Modern Germany traces its beginnings to the Battle of the Teutoburg Forest, the 9 C.E. battle in which Germanic tribes annihilated an occupying Roman Army. The famed battle is understood to have taken place near Kalkriese, northeast of Osnabrück. It is also understood that the Romans were ambushed in a tight geographic area between a hill and a moor.
There is no doubt that perhaps as many as 18,000 Roman troops were slaughtered by Cheruscan chieftain Arminius and his allies. In more modern history, Arminius has been propagandized as Hermann the German, with the battle being interpreted as being the starting point from which Germany became a nation.
Arminius may have earned his reputation, sort of. The defeat of three Roman legions under the command of Rome’s Germania governor and General Publius Quinctilius Varus really happened. It is also fact that the Romans never again attempted to establish settlements in Germany following the Battle of the Teutoburg Forest. Arminius had received a Roman military education and had Roman citizenship. Arminius commanded an auxiliary German cavalry attached to the Roman army prior to switching his allegiance.
What is fake is that Arminius or Hermann was the heroic liberator who created the German nation. You can thank Martin Luther for this idea. During the mid-20th century, the National Socialists enhanced this concept during the Third Reich.
Tillmann Bendikowski is the author of “Der deutsche Glaubenskrieg: Martin Luther, der Papst und die Folgen,” which addresses this misconception. According to Bendikowski, “Arminius wasn’t the liberator of Germania and it’s simply wrong to call this the hour of the German nation’s birth,” adding, “You can see how hard it is to bury myths right now in Europe and the U.S. where we’re falling back into nationalism.”
It may also be fake that the battle took place near Kalkriese. Questions about how and where the battle took place are still being asked. The Kalkriese Museum was to begin a new three-year excavation project Sept. 4 to try and get some answers. This is where numismatic archaeological evidence is playing an important part in the current research.
University of Munich provincial Roman archaeological specialist Salvatore Ortisi will head the upcoming study. According to Ortisi, “We haven’t got final proof; we haven’t found anything with the inscription of the 19th or 18th or 17th legions. We’re hoping for some piece of a helmet with an inscription or a plaque with the name of a unit, or a stamped artillery bolt.”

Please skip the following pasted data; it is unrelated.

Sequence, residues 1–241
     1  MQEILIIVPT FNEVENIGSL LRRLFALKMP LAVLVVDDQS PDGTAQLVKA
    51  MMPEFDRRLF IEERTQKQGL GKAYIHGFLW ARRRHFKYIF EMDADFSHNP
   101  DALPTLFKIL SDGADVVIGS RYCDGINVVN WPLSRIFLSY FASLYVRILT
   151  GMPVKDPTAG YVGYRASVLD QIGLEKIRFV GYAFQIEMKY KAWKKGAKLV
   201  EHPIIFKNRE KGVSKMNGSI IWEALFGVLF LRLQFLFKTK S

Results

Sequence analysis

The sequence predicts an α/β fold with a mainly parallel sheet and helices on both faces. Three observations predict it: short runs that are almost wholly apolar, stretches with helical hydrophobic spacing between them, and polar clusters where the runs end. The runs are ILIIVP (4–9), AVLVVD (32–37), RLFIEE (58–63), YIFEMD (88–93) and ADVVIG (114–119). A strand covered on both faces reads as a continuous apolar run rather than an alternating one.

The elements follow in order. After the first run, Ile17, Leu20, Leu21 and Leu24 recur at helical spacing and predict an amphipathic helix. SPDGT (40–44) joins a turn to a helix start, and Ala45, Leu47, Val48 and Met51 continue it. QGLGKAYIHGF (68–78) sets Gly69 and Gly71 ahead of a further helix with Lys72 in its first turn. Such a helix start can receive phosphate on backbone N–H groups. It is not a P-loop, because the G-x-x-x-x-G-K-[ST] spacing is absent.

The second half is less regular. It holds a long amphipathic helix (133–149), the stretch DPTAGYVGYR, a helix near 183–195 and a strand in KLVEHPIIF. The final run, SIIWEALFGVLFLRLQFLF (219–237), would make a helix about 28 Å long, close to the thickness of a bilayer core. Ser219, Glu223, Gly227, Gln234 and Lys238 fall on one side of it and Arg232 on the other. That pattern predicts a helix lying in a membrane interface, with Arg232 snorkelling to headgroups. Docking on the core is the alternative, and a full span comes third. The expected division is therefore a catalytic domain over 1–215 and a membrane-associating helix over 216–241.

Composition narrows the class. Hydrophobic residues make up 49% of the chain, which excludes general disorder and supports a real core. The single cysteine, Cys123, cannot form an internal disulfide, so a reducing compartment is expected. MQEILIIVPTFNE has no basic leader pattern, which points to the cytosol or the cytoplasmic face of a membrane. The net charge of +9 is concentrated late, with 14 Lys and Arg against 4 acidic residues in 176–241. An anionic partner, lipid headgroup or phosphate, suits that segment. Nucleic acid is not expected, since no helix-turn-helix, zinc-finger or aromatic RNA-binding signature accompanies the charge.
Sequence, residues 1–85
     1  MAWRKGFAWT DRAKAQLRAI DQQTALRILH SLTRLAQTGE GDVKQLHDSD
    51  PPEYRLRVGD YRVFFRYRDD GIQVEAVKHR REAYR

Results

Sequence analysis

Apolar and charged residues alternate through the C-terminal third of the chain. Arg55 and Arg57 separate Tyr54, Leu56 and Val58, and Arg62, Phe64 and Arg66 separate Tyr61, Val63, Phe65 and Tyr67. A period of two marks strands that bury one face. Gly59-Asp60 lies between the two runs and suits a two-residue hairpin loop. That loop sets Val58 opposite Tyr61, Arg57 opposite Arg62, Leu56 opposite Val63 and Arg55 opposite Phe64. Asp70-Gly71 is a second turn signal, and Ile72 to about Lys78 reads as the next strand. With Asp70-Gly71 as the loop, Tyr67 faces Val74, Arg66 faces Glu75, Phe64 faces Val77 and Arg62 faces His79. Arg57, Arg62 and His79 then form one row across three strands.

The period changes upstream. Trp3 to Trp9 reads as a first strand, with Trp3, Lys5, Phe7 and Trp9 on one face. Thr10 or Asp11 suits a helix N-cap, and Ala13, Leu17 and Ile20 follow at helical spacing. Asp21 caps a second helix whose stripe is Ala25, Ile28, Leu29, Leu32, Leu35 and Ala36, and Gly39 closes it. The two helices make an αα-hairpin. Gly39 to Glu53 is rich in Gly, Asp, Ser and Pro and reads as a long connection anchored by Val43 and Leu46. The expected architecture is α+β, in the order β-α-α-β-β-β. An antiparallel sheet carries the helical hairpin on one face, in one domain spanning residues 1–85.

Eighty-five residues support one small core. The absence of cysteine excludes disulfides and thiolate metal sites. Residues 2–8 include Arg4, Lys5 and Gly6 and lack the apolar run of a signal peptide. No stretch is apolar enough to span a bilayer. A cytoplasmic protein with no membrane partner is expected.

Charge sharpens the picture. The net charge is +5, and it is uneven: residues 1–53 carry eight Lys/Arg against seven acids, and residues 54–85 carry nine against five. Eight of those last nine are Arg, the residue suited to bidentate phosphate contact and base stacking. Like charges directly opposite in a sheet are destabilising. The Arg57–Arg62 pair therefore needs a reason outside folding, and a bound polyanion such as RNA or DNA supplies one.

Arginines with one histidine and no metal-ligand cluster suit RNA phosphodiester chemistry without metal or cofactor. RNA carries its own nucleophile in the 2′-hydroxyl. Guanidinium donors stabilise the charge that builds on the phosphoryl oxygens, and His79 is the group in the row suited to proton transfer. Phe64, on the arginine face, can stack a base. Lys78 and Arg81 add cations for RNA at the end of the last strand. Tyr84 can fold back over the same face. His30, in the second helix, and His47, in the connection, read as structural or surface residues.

Coins are a major part of the already known evidence. Ortisi said of small groups of coins found at various locations in the past, “It looks like the attempt to hide one’s own money purse before it’s too late; it indicates that this must have been a very, very threatening situation.”
According to the July 25 Deutsche Welle newspaper, “The clues in the ground tell stories of desperate legionaries burying their money in the ground, of the dead and dying being violently stripped of their armor, of bodies left to rot in the forest, of victors calmly stacking looted war material for recycling.”
In early 2017 a hoard of more than 200 silver Roman coins, all dated prior to 9 C.E., were found in the Kalkriese area where the battle is suspected to have taken place.
During 2016, University of Osnabrück archaeologists unearthed eight Roman gold aurei east of Bramsche, leading to speculation that Bramsche might be the sight of the battle. Each coin dates from between 2 and 5 C.E. Each of these coins depicts Roman Emperor Augustus on the obverse, with his grandsons Gaius and Lucius on the reverse. Minor denomination bronze coins were found at the same sight. It has been speculated the gold coins were lost by an officer attempting to flee the massacre.
Bramsche has been nicknamed Goldacker, or field of gold, by local citizens because of other area finds. This includes the 1987 discovery of 162 silver coins and three Roman slingshots by British officer Tony Clunn, again none of these coins having been minted after 9 C.E. There has been, however, a general lack of military objects found at Bramsche. Scholars, for this reason, have proposed other possible sites for the Teutoburg Forest battle.
Germanicus’ troops campaigned against the Germanic tribes six years after the ill-fated Battle of the Teutoburg Forest. Roman accounts indicate Roman emperor designate Germanicus found the battlefield, then had pits dug to bury the human remains (which included skulls nailed to trees). Researchers hope that by analyzing metal found at Kalkriese they can determine if this metal (and presumably the coins) belong to Germanicus’ troops or to the “Varusschlacht” epic battle won by Arminius.
This article was originally printed in World Coin News. >> Subscribe today.
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